A Michigan State University student filed a sex-discrimination lawsuit claiming school counselors actively discouraged her from contacting police to report an alleged off-campus rape by three Spartans basketball players. The two other players, John Does 1 and 3, allegedly entered the room and took turns raping her as the others held her down. She began to think that maybe she had been drugged. She was "was crying, she could not move, nor could she speak".
The woman's attorney, Karen Truszkowski, told The Associated Press on Monday that she is reserving comment to give MSU "an opportunity to get up to speed and go over it". She said her roommate was not at the apartment as she had been told, the lawsuit said.
JD2 then asked the alleged victim if she would like to see some of his basketball memorabilia. One bought her a drink and introduced her to his friends.
After the woman told counsellingcentre staff that basketball players were involved, she said the staff made it clear that if she reported it to police "she faced an uphill battle that would create anxiety and unwanted media attention", according to the lawsuit.
"If you pursue this, you are going to be swimming with some really big fish", a staff member told her, according to the lawsuit.
The victim has claimed that she chose to come forward and take action because she did not want another girl in Michigan State to go through what she had to go through and have her life messed up.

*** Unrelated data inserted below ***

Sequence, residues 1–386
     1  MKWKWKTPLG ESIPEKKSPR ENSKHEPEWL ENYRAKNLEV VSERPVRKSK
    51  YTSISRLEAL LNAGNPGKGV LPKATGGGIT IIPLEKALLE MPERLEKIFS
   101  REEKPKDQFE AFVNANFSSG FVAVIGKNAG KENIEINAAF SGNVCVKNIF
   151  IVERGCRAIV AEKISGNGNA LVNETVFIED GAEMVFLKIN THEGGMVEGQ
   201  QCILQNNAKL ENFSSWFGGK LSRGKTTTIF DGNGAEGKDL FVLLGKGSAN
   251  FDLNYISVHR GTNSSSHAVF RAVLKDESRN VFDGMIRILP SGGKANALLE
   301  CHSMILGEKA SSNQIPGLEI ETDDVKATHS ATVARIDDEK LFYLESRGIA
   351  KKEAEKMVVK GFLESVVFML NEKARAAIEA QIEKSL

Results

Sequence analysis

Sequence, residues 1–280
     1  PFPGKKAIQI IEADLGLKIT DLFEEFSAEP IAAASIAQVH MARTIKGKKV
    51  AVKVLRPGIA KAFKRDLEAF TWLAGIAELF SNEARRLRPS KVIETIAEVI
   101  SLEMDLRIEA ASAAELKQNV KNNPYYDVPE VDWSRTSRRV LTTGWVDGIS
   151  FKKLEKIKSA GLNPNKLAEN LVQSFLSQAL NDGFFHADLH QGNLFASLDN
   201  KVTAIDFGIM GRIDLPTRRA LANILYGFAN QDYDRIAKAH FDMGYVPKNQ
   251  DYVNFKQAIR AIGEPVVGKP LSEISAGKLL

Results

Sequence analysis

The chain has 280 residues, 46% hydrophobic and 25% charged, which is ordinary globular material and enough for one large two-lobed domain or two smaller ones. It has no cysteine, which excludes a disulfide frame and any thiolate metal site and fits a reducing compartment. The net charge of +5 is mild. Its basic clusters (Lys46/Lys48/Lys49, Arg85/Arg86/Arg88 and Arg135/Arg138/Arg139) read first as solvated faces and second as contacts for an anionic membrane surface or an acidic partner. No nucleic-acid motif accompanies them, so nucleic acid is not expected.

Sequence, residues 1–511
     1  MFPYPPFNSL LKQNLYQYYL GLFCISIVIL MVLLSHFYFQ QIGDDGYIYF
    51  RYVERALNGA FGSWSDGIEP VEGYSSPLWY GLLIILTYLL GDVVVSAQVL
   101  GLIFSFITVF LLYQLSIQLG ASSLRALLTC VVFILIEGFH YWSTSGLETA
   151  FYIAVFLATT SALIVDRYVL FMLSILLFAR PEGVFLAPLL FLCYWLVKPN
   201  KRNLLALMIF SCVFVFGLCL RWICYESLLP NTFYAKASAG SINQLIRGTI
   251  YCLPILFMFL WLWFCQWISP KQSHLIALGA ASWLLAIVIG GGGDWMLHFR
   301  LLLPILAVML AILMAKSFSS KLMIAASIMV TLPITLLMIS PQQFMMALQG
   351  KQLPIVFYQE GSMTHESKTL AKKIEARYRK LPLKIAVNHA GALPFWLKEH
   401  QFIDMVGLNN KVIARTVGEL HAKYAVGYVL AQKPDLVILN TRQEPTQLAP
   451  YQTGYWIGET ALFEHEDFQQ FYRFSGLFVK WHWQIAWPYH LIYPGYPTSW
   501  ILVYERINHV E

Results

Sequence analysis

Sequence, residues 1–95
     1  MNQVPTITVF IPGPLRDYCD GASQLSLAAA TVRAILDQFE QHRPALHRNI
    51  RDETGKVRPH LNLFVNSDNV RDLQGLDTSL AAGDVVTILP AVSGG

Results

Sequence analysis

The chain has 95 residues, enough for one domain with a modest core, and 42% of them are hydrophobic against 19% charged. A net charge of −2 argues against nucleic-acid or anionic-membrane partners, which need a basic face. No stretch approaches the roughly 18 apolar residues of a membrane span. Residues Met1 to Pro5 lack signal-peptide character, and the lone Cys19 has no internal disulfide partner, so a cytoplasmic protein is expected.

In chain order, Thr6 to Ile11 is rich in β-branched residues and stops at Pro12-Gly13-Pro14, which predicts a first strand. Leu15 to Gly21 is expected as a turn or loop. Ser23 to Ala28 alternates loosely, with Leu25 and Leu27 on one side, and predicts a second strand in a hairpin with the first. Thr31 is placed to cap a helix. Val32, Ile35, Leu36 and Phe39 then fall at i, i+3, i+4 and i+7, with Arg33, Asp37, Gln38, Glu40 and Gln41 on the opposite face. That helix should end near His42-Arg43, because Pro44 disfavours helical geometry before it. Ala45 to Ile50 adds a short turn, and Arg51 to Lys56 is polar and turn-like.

The alleged victim was also not made aware of her right to have a no-contact order put in place, which would have kept the three players out of her residence hall.
The woman reported the rape to a counselor at the university's Counseling Center on April 20, 2015.More news: Spotify debuts on Wall Street with a $30 billion valuation
The lawsuit states the woman wasn't told of her of her right to report the incident to MSU's Office of Institutional Equity or notified of her Title IX rights, protections and accommodations.
Although the former men's basketball players who allegedly committed the rape did not live in Brody, the alleged victim would often see one or all of them at the Brody Dining Hall, which would cause panic and flashbacks to that night, along with fear every day she would see the three players.
The Michigan attorney general, NCAA and state and federal lawmakers are investigating the college in the fallout from the Nassar scandal.
Another staff member came into the room and the two counselors told the woman that her two options were to either file a police report or deal with the aftermath of the rape on her own.
The woman resumed classes in January 2016 and changed her major. She withdrew from classes, changed her major, sought psychiatric care and remains on prescription medication, according to the lawsuit.
The court papers noted that the university has been under scrutiny over its handling of sexual assault cases in its athletics programs, an apparent reference to the Larry Nassar a former faculty member and physician at Michigan State and a doctor for USA Gymnastics.
Per a report from ESPN, the players aren't identified because the focus of the lawsuit is "the way she was treated by the university".
The lawsuit alleges that the university has a practice of silencing victims who have accused male athletes of sexual assault, and has thus created a culture that has "emboldened male athletes and has given them unwritten permission to commit acts of sexual assault without outcome", according to Reuters.